We did a plant and run at the Princeton High School this past June. The planting was intentional; the running was not. A plant and run is when everyone shows up to plant a garden, but no one comes back to take care of it. I'm the type that's more likely than most to follow through, but the lesson sometimes needs to be relearned.
When my younger daughter expressed interest in doing something along environmental lines at the school, I suggested, not too surprisingly, that she and her friend plant some native wildflowers in one of a number of raised beds that had for some years been growing only weeds. We did, and at least I came away with a high sense of good deedery, owing not only to having involved the next generation in transforming a weed-filled bed into a demo for natives, but also having catalyzed the repair of the gardens' water supply with a well-placed email or two, thereby improving the prospects for all the raised beds going forward.
We had intended to return soon thereafter with mulch, but life intervened, and by the time we remembered, a rainless week later, the plants were looking pretty sad. In the meantime, some students supervised by the school horticulturist had fixed up all the other beds, which is reason to celebrate though suddenly our bed looked neglected by comparison. Still, after a deep watering, careful weeding and a fresh layer of mulch, prospects for recovery were good.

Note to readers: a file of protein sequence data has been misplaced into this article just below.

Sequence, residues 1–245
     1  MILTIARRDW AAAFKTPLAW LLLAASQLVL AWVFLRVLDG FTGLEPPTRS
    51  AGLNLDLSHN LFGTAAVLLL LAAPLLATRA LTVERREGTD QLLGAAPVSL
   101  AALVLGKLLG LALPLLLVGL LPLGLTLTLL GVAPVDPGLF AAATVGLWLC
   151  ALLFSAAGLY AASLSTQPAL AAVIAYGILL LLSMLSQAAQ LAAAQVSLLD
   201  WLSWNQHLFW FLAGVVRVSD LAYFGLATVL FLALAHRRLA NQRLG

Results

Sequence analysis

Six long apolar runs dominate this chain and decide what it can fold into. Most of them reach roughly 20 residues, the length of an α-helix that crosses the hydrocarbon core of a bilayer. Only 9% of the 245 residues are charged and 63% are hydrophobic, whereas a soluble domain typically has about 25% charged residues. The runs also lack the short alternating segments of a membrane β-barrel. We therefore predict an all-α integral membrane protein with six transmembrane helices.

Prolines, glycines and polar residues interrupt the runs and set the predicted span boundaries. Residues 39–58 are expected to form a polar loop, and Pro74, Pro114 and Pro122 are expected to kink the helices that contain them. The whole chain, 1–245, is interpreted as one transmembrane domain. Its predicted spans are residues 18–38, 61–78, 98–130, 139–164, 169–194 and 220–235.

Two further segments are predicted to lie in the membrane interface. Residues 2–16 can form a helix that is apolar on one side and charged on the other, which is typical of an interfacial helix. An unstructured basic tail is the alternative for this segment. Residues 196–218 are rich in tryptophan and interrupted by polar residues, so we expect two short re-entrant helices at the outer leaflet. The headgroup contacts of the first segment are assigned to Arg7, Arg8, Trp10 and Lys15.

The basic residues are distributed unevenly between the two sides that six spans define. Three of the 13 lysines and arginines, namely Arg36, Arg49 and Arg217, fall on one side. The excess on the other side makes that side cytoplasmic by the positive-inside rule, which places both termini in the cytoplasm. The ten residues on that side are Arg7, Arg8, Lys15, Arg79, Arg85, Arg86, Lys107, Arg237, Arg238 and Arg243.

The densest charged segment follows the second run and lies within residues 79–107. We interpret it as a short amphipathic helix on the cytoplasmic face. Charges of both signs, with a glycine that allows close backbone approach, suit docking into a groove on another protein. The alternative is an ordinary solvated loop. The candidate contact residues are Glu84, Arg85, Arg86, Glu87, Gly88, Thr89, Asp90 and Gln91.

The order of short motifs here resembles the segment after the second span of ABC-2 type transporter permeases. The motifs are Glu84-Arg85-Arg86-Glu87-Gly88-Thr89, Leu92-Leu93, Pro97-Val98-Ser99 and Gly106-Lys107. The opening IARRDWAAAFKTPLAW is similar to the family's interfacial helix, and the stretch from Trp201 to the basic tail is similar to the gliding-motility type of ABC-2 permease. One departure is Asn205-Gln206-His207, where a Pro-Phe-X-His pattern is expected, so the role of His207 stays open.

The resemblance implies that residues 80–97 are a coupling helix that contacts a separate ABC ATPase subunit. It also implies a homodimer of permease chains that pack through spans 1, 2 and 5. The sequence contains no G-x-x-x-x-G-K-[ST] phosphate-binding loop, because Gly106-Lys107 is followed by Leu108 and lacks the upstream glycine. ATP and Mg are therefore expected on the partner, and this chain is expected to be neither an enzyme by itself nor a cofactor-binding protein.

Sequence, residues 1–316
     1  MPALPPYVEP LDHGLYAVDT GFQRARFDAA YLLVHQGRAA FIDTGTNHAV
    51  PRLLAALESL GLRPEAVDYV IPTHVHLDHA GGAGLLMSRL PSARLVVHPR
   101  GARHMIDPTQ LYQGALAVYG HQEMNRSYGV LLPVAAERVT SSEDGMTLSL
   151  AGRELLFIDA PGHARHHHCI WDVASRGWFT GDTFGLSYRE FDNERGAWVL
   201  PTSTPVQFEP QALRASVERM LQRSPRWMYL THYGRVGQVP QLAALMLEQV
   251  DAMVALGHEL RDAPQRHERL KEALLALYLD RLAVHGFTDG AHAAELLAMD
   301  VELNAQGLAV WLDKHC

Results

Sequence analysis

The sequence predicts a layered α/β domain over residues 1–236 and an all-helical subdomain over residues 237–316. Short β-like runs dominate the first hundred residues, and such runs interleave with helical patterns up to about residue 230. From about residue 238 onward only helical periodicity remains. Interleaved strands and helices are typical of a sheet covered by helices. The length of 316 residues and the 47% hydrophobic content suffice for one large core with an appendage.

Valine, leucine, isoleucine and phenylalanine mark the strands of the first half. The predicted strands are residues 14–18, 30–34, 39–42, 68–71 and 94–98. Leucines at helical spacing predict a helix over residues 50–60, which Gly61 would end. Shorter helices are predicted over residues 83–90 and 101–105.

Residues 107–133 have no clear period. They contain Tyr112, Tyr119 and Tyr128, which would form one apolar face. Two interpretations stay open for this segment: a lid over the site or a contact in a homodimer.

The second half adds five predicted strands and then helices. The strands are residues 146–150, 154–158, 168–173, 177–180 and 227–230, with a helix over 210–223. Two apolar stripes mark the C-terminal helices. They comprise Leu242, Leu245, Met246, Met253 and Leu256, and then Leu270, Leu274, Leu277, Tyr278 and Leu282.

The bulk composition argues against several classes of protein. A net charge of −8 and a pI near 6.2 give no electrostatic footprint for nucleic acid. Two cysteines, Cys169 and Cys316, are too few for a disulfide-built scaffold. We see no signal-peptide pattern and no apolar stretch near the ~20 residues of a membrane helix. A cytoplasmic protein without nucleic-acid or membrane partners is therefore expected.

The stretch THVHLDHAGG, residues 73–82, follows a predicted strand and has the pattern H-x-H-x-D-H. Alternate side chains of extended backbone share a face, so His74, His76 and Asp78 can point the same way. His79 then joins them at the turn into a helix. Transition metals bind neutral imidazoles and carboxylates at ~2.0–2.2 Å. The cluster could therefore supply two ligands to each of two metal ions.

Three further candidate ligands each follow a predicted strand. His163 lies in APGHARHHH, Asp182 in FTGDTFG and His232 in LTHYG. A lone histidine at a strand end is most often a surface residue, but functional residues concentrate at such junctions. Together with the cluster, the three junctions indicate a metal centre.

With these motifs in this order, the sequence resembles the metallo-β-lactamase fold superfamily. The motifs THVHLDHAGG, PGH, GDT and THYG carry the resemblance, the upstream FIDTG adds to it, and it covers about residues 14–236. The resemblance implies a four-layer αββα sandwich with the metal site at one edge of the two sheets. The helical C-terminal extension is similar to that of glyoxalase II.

One rainy month later, as if perched on the cog of an internal Mayan calendar, the memory of the garden again surfaced in the mind, leading to our walking the dog over there to see how things were going. Our good deeds had disappeared in a mountain of weeds (there on the right in the photo), while the other beds were growing well-tended swiss chard and beets.
This is where a keen eye comes in handy. There's the cutleaf coneflower in a sea of foxtail grass.
And there's the late-flowering boneset amongst the ragweed.
The thin mulch had done little to discourage the weeds, though it did keep the soil soft enough to allow extraction of a nutsedge with it rhizome system intact--a rare sighting, like seeing baby pigeons.
We carefully liberated the intended plants, which thankfully had hung in there despite the competition.
At some point, the weedy seed bank will exhaust itself, and the native wildflowers will dominate, but after years of growing weeds, this raised bed is a bit like a wild horse that resists taming. It's a good lesson for one generation and a reminder for the other, about the power of weeds and the importance of followup on good intentions.
Let's see, those most recent photos were taken about two weeks ago. Hmmm. I think I know where the evening walk with the dog is headed.